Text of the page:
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Heroes and herons

Lake Elephant Butte, 15 February 2009 -

(pics in photo gallery)

The heart of the Elephant Butte State Park and New Mexico's  largest lake. It was about 15 degrees when we entered via the Visitor Center. 'Yes, camping is possible, wherever you want. And be careful, off the road the soil might be very weak.

Camping at the lake, inaugurating our tent (1 or 2 person?) and withstanding wind (and twirling sand) and maybe a cold night.

Actually the tent appeared to be very small, very appropriate for a cyclist with some stuff. After some rebuilding the back side of the car was transformed in a mini-bedroom. So we had two locations to sleep.

The mornig was gorgeous. Being awake at about six due to the cold (in the car!) seeing the sun rise above mountains and lake was gorgeous. And herons already on duty, finding their food in the waveless lake.

We were the only ones at the lakeside. Somewhat higher was the decadent type of the tourist specimen watching tv in his/her RV. Very American and the only article not to be bought in the Walmart And not made in China.

Camping in the wild in a tent and a second house... a lifetime experience. One in the list of the recent bestseller Thousand activities you must have done before you die. This is nr. 278. We're still young and have time!!!

It didn't take long before number 279 was there.

Our so-called 4wheel-drive (front office desk manager Budget Rental Car in Phoenix) appeeared to be only front wheel drive. So after some yards we were ploughing in the sand like an experienced farmer. The car refused to continue.

Pieces wood, mats and Edwin pushing: nothing worked out  and we surrendered. ANWB or Route Mobiel, no this is USA: the rangers should help us out.

No way. Every year about 2500 drivers bite in the dust, i.e. the sand. But when we considered to phone the helpdesk to tow us for 150 dollars, Bill arrived.

Bill: fully tattood, waistsize 52, grey  long hair and his face the spurs of a wrought life but more important: a giganatic 4wheel drive. A big cloud of dust was his introduction performance. It seemed he tried to take off in the air but after every attempt his car landed again after some yards.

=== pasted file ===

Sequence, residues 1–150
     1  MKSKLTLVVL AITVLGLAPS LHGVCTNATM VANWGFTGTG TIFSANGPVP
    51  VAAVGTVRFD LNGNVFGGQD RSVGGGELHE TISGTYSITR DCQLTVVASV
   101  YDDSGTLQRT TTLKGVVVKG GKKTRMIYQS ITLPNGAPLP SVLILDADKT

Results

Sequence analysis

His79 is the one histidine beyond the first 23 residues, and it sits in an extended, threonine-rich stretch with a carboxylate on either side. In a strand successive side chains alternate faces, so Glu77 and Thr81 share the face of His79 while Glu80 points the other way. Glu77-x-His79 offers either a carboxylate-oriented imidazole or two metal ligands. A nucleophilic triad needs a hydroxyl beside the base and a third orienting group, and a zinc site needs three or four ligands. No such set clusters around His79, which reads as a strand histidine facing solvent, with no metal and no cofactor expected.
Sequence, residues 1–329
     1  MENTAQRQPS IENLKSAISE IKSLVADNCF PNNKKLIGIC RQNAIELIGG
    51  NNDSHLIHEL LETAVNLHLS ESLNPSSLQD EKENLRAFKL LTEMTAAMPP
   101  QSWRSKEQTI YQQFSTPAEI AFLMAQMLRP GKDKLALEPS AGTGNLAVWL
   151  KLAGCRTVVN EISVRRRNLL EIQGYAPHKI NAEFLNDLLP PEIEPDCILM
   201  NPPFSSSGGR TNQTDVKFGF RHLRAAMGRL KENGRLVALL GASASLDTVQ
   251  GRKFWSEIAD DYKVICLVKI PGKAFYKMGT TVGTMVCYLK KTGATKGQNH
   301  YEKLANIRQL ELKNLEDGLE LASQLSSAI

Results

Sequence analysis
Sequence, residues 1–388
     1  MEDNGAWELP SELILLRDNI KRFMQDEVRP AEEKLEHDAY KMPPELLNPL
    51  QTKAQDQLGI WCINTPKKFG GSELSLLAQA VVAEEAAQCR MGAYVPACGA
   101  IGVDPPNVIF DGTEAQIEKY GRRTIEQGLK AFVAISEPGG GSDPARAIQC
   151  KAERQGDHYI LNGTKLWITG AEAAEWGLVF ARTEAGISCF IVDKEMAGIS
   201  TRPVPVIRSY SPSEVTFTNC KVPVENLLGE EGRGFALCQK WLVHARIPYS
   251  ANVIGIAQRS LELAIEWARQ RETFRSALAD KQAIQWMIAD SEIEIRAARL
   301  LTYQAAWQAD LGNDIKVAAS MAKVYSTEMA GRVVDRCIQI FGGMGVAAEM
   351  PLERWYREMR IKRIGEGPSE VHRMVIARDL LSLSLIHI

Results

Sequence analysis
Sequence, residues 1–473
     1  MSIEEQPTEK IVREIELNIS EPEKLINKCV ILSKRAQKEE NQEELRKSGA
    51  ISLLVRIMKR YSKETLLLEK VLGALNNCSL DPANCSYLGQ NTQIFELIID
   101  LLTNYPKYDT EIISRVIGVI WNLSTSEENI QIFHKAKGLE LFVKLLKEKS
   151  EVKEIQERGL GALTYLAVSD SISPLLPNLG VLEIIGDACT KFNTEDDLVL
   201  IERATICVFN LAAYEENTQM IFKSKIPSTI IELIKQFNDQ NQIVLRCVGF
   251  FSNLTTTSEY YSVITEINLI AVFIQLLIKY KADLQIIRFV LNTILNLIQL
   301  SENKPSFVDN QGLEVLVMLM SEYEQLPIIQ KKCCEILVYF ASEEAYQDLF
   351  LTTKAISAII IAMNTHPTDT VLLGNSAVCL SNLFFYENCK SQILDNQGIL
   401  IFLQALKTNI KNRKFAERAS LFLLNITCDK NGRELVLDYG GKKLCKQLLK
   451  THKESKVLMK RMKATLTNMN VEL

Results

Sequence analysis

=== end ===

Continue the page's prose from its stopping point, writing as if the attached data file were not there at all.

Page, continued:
We stopped him. Bill got out. His American (not British!) bulldog got out too. I saw a chance: three strong 'items'.

Bill didn't say much, took a solid rope and attached it at the rear wheelbar.  I had hardly time to put the handle from the Parking stand to the Rear to give a bit support.

The car survived, my bloodpressure decreased and Bill started talking.

No problem, I have still bigger cars at home, etc.

A pram almost fell out of the car: 'my baby' he said. And he had still nine other  children. Edwin said: He likes going 'Van Bil', but only hours later, climbing the Emerald Pass to Silver City he explained me. Double Dutch sense of humour.

Thank you Bill.

Silver City was marvellous. Much more character than the artisan-like Sedona. The art and the atmosphere made the former coppermine town one of the highlights of our tour.

And the road from Caballo Lake was a gem too.

Though some coppermines are still open or reopened due to the high copper price.

Much unemployment now told the petrol station lady who was taking a smoke outside, not to close to the fuel providing place. More than 60 % of the Silver City people worked in the coppermines and plants. Nowadays hardly 10 %.

But today it's a bit chilly. And that's why we decide to head for Lordsburg, much lower (4000 feet) and more southern and probably 'warmer'.

In the shabby town with Greyhound and Amtrak (bus and train) station, the obvious series motels, gas stations and fast food chwe sains. We selected Super8: criteria were the price, wifi , a tub and a microwave.

Now Edwin is checking the tub after preparing a great meal and coffee and installing/impementing the computer. I only drove the car today at the moments New Mexican soil allowed me to do so.

Arie

NB Zie ook de prachtige fotoserie in Fotogalerij

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Edwin Kok

And so it was ! You forgot to mention that it was freezing. Ice was on my tent. Before the night we went hiking. Several (s)miles. After that we had a rest and later I went walking some other miles to get some hot food. No condor seen . We met some other wild animals I don't know their names or brand. We sure had fun!

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